- The Washington Times - Tuesday, April 7, 2009

MIAMI

This is supposed to be the season the Washington Nationals mature - as individuals, as a team, on the field and off the field.

This is a young team that doesn't want to use youth as an excuse anymore, certainly not among its core group of position players: Ryan Zimmerman, Lastings Milledge, Elijah Dukes, Jesus Flores.

Well, if Monday's Opening Day 12-6 trouncing at the hands of the Florida Marlins is at all a sign of things to come, the Nationals still have a long way to go before they're all grown up.

You can point to any number of developments out of Monday's game, not to mention Sunday's workout, as evidence of that. And it's not just about on-field performance; it's about attitude off the field.

In that regard, let's begin with Milledge, who put himself at a disadvantage before he ever put on his uniform.

Sunday was Milledge's 24th birthday. The last thing he probably wanted to do to celebrate was go to Dolphin Stadium for a pre-Opening Day workout and team meeting. But that's what every Nationals player and coach was required to do. No exceptions.

Milledge, who has a history of showing up just before the mandatory reporting time and isn't ashamed of it, didn't quite make it on time Sunday. Manager Manny Acta had instructed everyone to be in uniform and in the clubhouse by 4:30 p.m. for his annual season-opening team meeting.

Milledge called to say he was running late, but he still walked in after Acta already had begun addressing his players. The manager had no choice but to fine him.

You can debate whether this is a big deal. In some regard, it's really not. But for a young player who has been afforded plenty of opportunities in his brief baseball career, this was perhaps the latest sign Milledge still needs to grow up.

The Nationals are counting on big things from Milledge this year. Acta didn't hesitate to name him the starting center fielder and leadoff man in mid-March, even when there were more established outfielders on the roster worthy of a starting job.

With Dukes, Josh Willingham and Willie Harris all clamoring for more playing time, it is imperative that Milledge not only play up to his immense talent but also that he show the kind of effort expected from a top major leaguer.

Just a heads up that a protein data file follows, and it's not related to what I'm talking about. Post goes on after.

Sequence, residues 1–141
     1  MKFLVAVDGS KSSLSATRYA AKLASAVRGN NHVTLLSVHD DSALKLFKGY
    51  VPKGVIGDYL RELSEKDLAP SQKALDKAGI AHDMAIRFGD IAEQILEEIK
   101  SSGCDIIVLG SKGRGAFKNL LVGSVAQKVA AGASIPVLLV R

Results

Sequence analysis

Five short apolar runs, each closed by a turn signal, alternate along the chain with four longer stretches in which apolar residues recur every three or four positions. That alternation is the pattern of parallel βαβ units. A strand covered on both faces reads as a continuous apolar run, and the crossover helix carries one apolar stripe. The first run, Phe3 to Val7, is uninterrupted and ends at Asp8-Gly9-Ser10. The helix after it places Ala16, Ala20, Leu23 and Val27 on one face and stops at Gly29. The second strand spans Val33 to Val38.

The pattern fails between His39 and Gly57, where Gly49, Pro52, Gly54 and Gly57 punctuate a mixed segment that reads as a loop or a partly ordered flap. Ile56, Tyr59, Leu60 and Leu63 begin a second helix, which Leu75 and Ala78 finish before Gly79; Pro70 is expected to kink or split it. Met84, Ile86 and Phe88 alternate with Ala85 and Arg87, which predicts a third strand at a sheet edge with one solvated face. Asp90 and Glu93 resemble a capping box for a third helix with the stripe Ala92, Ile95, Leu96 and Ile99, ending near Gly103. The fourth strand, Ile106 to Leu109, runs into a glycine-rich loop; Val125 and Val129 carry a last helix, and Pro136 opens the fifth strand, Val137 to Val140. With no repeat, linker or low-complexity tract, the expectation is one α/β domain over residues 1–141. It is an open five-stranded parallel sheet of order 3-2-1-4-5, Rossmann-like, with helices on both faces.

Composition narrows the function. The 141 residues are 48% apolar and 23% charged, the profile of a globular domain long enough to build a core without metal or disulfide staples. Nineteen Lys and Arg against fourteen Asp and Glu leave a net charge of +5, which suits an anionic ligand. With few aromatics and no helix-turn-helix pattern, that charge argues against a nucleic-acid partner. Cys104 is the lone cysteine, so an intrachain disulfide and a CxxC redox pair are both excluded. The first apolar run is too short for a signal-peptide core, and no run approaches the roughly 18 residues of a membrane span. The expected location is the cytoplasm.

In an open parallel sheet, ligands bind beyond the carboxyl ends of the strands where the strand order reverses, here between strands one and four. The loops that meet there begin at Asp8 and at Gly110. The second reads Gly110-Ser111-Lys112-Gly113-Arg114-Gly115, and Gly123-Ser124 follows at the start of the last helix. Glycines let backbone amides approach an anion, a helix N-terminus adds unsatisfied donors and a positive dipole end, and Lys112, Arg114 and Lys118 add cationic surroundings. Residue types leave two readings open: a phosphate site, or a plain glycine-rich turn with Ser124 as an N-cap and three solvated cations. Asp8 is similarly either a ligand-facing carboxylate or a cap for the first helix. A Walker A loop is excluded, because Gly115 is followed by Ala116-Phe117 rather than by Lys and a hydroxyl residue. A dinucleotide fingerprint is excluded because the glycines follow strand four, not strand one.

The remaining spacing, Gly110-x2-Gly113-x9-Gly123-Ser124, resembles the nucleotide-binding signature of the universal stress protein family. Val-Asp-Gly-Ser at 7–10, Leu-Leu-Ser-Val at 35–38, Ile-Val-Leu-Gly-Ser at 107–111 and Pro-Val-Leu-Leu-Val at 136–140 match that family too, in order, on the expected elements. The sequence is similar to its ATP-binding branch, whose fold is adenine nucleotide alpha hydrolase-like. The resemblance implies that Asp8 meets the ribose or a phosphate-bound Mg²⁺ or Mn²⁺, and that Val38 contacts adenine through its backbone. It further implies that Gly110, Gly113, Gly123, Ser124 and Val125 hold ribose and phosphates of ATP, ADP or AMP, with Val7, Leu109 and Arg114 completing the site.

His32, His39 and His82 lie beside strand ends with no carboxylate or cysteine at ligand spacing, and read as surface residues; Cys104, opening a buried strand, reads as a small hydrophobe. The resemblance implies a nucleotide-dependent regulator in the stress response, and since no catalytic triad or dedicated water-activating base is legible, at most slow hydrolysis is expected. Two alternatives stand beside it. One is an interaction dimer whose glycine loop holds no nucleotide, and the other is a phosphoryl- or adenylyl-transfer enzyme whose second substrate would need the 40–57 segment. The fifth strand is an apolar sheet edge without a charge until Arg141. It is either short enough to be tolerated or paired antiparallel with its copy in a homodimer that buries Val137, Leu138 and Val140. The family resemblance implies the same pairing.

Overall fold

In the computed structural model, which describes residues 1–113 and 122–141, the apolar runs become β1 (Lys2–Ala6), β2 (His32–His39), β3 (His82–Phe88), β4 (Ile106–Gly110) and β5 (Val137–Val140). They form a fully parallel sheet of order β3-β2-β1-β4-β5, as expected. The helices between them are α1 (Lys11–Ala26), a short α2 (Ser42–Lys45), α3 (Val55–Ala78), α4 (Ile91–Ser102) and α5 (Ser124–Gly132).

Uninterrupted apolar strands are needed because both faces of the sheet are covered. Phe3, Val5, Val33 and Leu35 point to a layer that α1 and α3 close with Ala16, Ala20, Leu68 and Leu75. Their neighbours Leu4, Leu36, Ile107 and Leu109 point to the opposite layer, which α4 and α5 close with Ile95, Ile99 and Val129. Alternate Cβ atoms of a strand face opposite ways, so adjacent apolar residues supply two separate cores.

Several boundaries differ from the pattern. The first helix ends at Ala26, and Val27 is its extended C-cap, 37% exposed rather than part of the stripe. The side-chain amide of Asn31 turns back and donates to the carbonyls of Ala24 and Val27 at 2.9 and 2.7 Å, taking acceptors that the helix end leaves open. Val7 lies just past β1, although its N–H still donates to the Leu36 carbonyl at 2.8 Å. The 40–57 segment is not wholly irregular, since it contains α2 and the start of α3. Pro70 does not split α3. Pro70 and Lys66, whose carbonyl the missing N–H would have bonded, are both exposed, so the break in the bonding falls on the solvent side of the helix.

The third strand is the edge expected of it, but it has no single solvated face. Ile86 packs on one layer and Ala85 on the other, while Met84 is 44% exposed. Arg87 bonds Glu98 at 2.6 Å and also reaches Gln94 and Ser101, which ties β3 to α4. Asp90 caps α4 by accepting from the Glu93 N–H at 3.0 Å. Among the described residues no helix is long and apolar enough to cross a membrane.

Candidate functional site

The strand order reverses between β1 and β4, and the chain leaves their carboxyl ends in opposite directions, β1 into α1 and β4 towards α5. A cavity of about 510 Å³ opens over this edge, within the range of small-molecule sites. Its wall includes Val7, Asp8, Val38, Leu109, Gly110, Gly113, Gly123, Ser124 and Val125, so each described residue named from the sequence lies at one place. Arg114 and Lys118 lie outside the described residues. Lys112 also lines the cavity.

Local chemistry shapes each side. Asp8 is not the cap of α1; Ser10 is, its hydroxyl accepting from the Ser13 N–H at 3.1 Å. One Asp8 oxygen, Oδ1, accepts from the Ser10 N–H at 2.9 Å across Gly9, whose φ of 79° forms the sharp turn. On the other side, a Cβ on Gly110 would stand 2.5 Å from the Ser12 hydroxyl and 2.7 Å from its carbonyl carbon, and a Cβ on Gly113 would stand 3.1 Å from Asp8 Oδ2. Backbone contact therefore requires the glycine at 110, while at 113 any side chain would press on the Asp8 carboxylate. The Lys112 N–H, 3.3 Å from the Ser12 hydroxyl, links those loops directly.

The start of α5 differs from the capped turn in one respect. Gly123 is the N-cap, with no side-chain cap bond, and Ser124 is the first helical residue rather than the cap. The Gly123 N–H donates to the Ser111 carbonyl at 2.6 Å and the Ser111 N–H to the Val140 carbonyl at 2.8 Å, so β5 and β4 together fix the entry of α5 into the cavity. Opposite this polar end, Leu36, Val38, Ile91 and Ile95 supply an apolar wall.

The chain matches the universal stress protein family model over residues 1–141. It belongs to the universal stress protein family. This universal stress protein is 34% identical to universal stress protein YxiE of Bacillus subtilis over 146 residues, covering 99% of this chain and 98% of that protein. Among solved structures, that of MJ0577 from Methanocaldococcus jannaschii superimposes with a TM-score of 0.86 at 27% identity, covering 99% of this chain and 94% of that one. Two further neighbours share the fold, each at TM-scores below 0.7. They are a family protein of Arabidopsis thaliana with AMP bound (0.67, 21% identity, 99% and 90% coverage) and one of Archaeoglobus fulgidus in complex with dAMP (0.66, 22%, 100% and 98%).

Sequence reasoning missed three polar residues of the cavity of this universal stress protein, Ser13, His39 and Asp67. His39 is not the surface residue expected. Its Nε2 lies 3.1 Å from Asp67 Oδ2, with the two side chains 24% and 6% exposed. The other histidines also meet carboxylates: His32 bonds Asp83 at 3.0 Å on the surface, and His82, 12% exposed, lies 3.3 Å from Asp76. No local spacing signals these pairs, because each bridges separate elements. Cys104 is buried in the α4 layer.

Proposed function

Every other player on the Washington roster was at Dolphin Stadium well before the meeting Sunday. The clubhouse was packed at 3:30 p.m. with guys watching television, playing cards, playing Scrabble or working out. What entitles Milledge to special treatment?

Milledge only compounded matters Monday on the field. He stepped to the plate in the first to face the first pitch of the 2009 season. And he swung at it, grounding out meekly to second base.

Upon being named the new leadoff hitter last month, Milledge spoke about how he wasn't going to change his hitting approach just because he was penciled into a new spot in the lineup. He was going to remain aggressive.

Is that the kind of mature approach to hitting the Nationals were looking for? Isn't it the leadoff man's primary job to work the count, give his teammates a chance to see what the opposing starter has got and hopefully reach base in the process?

After countless hours spent working on his defensive skills this spring with coaches Marquis Grissom and Devon White, shouldn't Milledge have been expected to position himself better and get a better jump on Emilio Bonifacio's fourth-inning drive to deep center field? What could have been a harmless flyout - or at worst a double - instead turned into a highlight that was sure to be replayed on ESPN all night: an inside-the-park home run.

Let's not pick entirely on Milledge because he was far from the only culprit during Monday's debacle.

Zimmerman committed one error on a routine grounder, getting lazy and making a too-casual throw to first that bounced in the dirt. The wannabe Gold Glover also botched the next play, a slow bouncer that was ruled a hit but was a play Zimmerman would be the first to say he should have made.

Starter John Lannan, meanwhile, suffered through a miserable afternoon on the mound and at the plate. Allowing six runs in three innings was bad enough. Popping up a sacrifice bunt attempt in the third - when the score was only 2-0 - was inexcusable. Nationals pitchers had all kinds of trouble getting down bunts a year ago. Name one good ballclub that struggles with the fundamentals like that.

Yes, this was Game 1 of 162. Yes, the entire story line could change by the end of the week.

But for a team that desperately needs to mature this season both on a personal and a collective level, the Nationals sure played and acted their age on Opening Day.

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